Diopter locking mechanisms
by Diane and Michael Porter
Some binoculars (especially high quality, expensive ones) have locking mechanisms to prevent the diopter setting from getting turned accidentally. The locking mechanisms are varied and often ingenious.
On the Minox HG binocular, you unlock the diopter adjustment mechanism by lifting the silver ring on the right eyepiece (revealing the scale) and turning the ring. When you have it right, you push the ring down again, and the diopter setting is locked until such time as you need it again.
The Leica Ultravid roof prism binocular has an especially elegant diopter solution. There are two knobs on the central column.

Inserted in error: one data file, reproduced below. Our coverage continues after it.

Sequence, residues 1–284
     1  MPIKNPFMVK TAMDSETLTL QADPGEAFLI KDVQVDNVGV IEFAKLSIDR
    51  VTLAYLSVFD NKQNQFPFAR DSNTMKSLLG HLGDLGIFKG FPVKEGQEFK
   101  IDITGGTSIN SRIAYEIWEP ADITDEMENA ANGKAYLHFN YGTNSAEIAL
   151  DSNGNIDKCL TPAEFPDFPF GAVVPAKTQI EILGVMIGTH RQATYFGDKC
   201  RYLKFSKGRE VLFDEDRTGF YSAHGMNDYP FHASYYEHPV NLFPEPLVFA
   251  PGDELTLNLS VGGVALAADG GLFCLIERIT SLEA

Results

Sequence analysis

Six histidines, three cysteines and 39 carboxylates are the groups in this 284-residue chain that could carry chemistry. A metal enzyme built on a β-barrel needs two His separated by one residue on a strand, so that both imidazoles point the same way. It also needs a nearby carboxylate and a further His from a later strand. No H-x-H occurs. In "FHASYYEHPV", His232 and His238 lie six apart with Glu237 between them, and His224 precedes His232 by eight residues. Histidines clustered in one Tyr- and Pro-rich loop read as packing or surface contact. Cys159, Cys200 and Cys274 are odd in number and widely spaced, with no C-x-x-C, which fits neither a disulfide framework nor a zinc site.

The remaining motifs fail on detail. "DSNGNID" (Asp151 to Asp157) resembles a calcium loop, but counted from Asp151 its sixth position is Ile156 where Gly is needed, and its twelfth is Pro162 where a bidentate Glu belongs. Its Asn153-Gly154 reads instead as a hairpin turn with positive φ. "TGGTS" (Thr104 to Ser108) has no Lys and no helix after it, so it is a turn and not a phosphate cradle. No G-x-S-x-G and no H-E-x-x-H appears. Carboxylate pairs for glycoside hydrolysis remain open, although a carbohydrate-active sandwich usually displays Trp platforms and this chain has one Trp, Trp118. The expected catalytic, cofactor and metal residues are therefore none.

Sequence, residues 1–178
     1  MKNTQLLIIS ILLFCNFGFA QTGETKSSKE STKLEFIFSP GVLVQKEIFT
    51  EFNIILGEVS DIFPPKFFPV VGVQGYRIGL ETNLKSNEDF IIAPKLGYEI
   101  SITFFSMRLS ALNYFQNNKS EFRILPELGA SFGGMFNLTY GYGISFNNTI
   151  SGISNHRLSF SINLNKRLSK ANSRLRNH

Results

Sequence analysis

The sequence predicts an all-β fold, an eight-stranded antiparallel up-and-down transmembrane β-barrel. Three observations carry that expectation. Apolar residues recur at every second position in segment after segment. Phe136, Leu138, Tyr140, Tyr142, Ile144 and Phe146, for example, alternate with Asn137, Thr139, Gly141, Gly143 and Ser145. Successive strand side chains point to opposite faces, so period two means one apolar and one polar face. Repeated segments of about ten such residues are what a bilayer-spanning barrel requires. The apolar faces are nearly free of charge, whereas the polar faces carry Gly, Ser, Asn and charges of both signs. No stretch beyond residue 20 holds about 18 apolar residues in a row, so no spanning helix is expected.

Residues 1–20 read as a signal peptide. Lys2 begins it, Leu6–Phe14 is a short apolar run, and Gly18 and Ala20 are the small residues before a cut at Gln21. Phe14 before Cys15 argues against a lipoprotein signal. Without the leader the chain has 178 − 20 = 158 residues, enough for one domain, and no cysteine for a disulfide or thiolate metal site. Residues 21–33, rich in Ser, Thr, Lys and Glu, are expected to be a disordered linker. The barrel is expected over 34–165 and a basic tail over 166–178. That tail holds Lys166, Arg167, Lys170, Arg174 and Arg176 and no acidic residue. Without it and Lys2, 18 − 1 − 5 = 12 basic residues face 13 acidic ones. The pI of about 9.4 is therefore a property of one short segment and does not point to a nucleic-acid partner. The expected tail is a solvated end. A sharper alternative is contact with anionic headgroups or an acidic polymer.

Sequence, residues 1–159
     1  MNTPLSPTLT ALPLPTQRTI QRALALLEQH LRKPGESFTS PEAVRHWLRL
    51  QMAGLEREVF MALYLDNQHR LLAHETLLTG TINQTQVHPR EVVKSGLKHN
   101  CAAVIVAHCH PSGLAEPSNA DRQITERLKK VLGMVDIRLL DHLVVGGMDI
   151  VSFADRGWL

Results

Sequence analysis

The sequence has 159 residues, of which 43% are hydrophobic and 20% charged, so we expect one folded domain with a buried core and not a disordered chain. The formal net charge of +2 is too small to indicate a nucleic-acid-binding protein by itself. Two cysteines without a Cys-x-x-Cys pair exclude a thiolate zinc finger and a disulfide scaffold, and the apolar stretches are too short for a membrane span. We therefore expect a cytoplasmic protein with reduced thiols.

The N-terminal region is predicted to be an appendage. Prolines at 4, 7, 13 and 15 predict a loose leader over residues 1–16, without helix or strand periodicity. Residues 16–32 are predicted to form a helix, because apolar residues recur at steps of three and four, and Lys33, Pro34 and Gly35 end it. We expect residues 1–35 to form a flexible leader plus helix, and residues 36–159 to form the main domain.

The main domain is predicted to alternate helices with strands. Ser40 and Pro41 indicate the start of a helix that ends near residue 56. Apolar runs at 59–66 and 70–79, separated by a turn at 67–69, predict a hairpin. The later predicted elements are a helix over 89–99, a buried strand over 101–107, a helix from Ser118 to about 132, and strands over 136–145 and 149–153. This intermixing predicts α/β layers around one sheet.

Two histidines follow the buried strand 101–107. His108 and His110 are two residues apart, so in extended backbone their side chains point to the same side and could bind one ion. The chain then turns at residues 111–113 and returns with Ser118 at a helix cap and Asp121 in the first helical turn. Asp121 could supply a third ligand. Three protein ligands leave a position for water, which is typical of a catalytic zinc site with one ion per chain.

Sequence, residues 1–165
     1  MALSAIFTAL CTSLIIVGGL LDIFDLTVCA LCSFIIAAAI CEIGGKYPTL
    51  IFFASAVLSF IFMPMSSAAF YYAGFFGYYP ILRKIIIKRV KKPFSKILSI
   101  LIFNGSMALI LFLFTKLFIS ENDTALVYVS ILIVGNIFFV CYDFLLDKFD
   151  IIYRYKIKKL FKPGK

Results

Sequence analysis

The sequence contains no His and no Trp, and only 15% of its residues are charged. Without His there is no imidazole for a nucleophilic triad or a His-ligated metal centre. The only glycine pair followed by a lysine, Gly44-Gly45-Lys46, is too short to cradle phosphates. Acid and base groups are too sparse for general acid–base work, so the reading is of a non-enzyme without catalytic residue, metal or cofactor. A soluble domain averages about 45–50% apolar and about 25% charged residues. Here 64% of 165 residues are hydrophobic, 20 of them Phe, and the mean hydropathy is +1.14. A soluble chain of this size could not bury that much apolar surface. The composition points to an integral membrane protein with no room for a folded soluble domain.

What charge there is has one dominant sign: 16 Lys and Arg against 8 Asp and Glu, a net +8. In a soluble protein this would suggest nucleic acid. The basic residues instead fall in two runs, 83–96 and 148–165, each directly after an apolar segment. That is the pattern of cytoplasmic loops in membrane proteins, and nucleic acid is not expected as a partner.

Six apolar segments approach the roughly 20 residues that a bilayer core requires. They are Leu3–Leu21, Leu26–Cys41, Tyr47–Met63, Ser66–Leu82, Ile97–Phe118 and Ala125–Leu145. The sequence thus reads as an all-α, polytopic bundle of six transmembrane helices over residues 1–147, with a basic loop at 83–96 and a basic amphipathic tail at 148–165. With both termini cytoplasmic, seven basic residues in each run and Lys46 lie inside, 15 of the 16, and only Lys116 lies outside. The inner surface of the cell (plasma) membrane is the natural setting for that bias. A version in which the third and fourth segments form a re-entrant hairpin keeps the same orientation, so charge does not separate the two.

Normally, when you're using the binocular, both knobs turn as one, so it's like one big, easy-to-find knob. It looks like the picture above left.
To change the diopter adjustment, you lift the upper knob. The right-hand picture above shows the knob in the up position, revealing a stripe of red. In this position, the upper knob turns independently of the lower focusing knob, fine-tuning the focus of the right eye only. As the knob turns, you can see the adjustment on the face of the scale.
If you’re not clear about where the diopter setting is on your binocular, consult the manual that came with it.
Armed with this understanding of the diopter adjustment, you can allow your binocular to do its best for you.
Copyright 2006 Michael and Diane Porter
This article is part of Binocular Tuneup - The Diopter Adjustment
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